How did this happen? their descendants will ask, stumbling upon the evidence, the ruins. The ruinous evidence. Who made these things? Who lived in them? Who destroyed them? The Taj Mahal, the Louvre, the Pyramids, The Empire State Building – stuff he's seen on TV, in old books, on postcards, on Blood and Roses. Imagine coming upon them, 3-D, life-sized, with no preparation – you'd be freaked, you'd run away, and after that you'd need an explanation. At first they'll say giants or gods, but sooner or later they'll want to know the truth. Like him, they'll have the curious monkey brain.Reminds me of how medieval peasants in France believed the towering Roman built aqueducts to be the work of giants.
Perhaps they'll say, These things are not real. They are phantasmagoria. They were made by dreams, and now that no one is dreaming them any longer they are crumbling away.
~ ~ ~
"Let's suppose for the sake of argument," said Crake one evening, "that civilization as we know it gets destroyed...Once it's flattened, it could never be rebuilt...Because all the surface metals have already been mined...without which, no iron age, no bronze age, no age of steel, and all the rest of it. There's metals farther down, but the advanced technology we need for extracting those would have been obliterated."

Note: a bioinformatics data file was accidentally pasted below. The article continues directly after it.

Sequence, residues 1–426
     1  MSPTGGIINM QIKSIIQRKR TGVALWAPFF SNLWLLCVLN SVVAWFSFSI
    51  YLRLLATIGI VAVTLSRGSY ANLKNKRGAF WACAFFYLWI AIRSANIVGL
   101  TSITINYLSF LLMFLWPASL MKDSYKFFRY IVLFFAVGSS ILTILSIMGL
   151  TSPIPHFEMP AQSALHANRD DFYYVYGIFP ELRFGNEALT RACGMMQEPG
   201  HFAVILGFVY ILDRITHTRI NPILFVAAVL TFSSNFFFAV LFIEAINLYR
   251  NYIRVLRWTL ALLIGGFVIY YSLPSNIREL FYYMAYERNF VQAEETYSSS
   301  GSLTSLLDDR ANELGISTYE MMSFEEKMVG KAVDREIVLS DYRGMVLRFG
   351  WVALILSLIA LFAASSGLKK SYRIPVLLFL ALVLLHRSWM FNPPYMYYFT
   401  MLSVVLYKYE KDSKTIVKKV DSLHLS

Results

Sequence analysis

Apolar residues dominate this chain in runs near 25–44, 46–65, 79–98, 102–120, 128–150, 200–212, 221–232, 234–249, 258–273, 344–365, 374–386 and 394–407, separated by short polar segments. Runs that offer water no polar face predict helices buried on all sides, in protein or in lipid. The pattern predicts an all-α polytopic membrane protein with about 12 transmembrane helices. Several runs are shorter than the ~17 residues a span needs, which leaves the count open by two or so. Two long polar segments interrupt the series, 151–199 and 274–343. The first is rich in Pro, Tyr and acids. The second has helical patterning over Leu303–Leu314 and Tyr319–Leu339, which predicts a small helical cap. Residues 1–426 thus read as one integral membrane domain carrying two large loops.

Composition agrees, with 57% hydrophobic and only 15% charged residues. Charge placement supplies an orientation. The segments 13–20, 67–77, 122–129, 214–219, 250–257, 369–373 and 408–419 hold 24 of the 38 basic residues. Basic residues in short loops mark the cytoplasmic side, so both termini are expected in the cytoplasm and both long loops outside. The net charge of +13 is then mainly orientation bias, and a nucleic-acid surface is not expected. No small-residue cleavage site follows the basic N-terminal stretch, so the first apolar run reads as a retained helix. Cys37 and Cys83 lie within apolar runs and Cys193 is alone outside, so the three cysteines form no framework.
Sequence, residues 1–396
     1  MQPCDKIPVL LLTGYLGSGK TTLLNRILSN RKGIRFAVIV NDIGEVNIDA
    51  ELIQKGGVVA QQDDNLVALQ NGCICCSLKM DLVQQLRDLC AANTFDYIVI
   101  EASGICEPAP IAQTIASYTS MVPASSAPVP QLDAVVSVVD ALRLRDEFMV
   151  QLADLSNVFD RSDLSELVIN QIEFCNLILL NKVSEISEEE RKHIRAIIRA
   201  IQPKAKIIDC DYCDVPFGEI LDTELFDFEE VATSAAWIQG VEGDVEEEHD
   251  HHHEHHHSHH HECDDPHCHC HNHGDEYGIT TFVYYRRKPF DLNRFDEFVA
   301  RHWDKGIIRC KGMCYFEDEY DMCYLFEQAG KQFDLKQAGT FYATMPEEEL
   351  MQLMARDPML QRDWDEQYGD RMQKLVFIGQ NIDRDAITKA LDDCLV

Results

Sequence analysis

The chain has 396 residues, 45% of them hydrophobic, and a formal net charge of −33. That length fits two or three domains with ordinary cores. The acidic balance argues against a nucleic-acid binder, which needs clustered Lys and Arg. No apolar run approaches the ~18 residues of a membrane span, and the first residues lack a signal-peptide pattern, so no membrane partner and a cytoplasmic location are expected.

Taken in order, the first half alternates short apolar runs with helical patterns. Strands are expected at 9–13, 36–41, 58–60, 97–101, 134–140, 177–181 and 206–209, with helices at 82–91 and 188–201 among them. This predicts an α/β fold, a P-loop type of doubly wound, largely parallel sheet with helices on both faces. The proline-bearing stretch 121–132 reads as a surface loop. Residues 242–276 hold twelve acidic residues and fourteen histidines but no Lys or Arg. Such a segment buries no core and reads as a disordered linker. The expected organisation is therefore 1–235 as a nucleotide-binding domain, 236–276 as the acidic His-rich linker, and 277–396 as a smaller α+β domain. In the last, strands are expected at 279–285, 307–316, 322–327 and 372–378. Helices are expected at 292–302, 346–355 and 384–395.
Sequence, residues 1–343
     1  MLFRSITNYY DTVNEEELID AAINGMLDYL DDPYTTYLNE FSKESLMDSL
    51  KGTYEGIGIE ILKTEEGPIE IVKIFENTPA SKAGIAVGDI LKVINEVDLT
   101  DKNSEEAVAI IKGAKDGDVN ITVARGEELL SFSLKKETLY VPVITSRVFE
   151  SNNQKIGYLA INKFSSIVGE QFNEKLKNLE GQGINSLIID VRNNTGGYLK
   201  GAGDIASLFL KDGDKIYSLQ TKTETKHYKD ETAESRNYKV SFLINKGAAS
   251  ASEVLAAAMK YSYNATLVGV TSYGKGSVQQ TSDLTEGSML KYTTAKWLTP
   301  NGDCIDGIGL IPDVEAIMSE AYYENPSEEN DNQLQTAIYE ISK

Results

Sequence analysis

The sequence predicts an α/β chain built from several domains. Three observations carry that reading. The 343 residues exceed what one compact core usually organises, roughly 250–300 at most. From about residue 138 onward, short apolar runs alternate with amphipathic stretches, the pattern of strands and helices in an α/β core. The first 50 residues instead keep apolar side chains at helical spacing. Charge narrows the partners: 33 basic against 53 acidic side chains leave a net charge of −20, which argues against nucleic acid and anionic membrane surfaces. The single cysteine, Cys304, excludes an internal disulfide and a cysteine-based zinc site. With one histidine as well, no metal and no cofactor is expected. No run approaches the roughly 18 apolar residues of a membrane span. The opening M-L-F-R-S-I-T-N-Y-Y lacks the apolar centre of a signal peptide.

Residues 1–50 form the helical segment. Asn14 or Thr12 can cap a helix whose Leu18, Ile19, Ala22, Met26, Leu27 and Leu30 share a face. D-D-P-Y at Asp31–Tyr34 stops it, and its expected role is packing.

"It could be put back together," said Jimmy..."They'd still have the instructions."
"Actually not," said Crake. "It's not like the wheel, it's too complex now. Suppose the instructions survived, suppose there were any people left with the knowledge to read them. Those people would be few and far between, and they wouldn't have the tools. Remember, no electricity. Then once those people died, that would be it. They'd have no apprentices, they'd have no successors...All it takes...is the elimination of one generation. One generation of anything. Beetles, trees, microbes, scientists, speakers of French, whatever. Break the link in time between one generation and the next, and it's game over forever."